“My daughter always wants to borrow my clothes,” I told my friend over lunch.
“Really? That’s great! They say that’s the highest form of flattery from a teen,” she said laughing.
“I think so too, unless I have to dig through the laundry on her bedroom floor when I want to wear them,” I said.
That story led to a conversation on entitlement that I will never forget.
“Oh, I know what you’re talking about,” she said. I wondered what she could possibly be referring to since her three kids were just preschoolers. “I wanted to take my little girl on a special mommy-daughter date, so I arranged a babysitter for the boys. I couldn’t wait to tell her about the morning I had planned. I pulled her aside and said, ‘Guess what? Mommy is going to take you on a special date. We are going ice skating, and then we are going to have hot chocolate.’”
Without missing a beat, her four-year-old said, “Is that all?”
As my friend retold the story, I could hear the pain in her voice. She immediately saw the entitlement for what it was and explained to her daughter that she should be grateful for whatever they did together. “Okay,” her little girl said and went off to play, without even understanding that her innocent question revealed her humanity.
Entitlement winds its course through my home, and the more I’ve become aware of its subtle infiltration, the more I see and hear it blatantly. This is all I get? There’s nothing else? From ice cream serving sizes to allowances, the opportunity to demand more is present.
Is that all? I believe these three little words sum up the tone for those of us in most Western cultures. No one teaches us to ask that question or expect more. It’s in our nature.
Just as Romans 3:23 says, “Everyone has sinned; we all fall short of God’s glorious standard” (nlt). We are sinful and selfish at birth, and babies run parents ragged through long, sleepless nights demanding their needs be met immediately. But at some point, we grow up and begin to understand that the world doesn’t automatically cater to our demands like our parents did. We as parents have to examine the question for ourselves, so we can say to our children with conviction, “Yes, that is all. We don’t need more.”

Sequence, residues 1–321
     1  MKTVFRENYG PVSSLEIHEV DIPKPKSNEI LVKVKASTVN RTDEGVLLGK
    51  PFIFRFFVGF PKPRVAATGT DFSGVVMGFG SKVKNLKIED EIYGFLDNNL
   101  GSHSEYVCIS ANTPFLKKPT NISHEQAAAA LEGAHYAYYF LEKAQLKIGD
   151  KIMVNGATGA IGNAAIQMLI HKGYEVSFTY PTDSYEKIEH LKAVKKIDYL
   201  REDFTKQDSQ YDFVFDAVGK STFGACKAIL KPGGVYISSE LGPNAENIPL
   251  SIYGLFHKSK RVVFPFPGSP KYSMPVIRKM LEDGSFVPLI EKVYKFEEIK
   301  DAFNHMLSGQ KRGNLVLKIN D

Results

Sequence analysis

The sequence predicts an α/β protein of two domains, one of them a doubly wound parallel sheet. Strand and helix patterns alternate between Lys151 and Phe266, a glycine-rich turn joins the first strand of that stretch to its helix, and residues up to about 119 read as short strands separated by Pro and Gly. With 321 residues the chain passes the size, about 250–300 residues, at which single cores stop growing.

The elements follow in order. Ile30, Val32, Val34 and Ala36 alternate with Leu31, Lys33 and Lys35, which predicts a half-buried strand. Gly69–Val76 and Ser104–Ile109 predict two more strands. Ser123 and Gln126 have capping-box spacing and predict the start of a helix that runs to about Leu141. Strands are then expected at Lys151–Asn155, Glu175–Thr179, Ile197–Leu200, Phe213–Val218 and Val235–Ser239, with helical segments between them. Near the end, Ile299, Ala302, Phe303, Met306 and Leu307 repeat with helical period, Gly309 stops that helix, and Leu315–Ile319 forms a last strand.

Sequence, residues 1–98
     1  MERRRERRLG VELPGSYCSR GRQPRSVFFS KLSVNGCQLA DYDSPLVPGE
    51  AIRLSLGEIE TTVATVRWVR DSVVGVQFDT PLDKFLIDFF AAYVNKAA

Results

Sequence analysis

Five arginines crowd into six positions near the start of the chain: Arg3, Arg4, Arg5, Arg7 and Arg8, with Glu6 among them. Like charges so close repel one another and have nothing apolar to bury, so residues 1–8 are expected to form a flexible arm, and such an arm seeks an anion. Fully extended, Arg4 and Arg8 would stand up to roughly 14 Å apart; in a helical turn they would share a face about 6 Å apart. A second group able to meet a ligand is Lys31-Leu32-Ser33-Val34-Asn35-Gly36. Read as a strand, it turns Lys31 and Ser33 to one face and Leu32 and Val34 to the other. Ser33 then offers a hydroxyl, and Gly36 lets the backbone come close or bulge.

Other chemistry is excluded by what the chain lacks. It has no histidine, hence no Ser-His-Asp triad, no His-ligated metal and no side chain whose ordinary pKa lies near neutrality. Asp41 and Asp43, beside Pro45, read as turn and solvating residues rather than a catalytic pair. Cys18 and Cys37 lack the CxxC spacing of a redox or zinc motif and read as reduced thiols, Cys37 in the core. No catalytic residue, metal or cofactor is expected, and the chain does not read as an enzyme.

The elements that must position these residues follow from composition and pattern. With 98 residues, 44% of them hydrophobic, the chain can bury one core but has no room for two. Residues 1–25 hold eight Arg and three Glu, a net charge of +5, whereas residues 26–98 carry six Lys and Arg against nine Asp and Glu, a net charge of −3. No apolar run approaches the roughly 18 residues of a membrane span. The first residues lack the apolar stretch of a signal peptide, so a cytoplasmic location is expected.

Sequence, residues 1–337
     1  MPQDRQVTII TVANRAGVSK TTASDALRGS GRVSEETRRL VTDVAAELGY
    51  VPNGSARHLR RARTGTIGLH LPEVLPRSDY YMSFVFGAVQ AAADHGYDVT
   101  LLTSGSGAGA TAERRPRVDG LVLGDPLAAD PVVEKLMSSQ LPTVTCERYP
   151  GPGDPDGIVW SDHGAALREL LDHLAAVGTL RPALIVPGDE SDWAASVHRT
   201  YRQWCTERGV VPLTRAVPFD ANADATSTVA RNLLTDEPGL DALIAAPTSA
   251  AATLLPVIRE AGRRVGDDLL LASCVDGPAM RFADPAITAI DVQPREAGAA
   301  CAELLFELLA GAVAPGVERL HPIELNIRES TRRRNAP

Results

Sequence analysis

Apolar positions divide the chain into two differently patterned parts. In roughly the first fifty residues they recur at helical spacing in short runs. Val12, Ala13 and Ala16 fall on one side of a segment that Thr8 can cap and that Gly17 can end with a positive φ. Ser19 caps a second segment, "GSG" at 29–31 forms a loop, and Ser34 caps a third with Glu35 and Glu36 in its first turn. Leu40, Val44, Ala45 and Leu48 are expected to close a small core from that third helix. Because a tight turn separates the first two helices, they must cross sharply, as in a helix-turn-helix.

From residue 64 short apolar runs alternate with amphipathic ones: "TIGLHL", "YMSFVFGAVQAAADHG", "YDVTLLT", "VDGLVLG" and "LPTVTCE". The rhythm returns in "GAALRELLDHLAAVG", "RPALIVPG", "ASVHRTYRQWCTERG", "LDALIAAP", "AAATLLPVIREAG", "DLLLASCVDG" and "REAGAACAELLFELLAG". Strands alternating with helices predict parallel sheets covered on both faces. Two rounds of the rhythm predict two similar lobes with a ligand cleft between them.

See if any of these signs up entitlement sound familiar at your house:
1. I want it now. Kids are impatient and who can blame them? We live in a drive-thru culture and instant gratification is well, instant. And often we find ourselves living in fear of saying no because our children are used to getting what they want.
2. I don’t want to work for it or clean up my mess. Why work when it can be given to you? It’s fosters a cycle of laziness and poor work ethic when we constantly give to our children without requiring any work. We need to create entry points starting at a young age for our children to contribute to household chores and jobs.
3. I expect you to fix all my problems. I love to help my kids out. But there’s a fine line between helping and aiding bad behavior. If my child forgets their lunch everyday and I bring it everyday, there’s really not a reason for them to ever be responsible. My kids expected us to give them money for a gift for us. Instead, I found it the perfect chance to teach them about hard work and let them solve their own dilemma.
Yeah, so maybe we are missing the boat in some of these areas. Now, let’s get back on board:
We can start by teaching or reminding them of the basics: Money doesn’t come easily. People work hard to earn money; it’s part of life. If you want something, you need to work to earn it. You are not entitled to things you haven’t earned.
Compassion for others (maybe introduce them to third world problems, so they have perspective on their first world ones) makes us better people.
We are responsible for our actions. There are consequences and rewards for our behavior and choices.
Grab a paddle. Parenting is hard. Doing it upstream our culture is even harder. But it is possible to raise grateful, hard-working kids who put others first. That’s my goal anyway.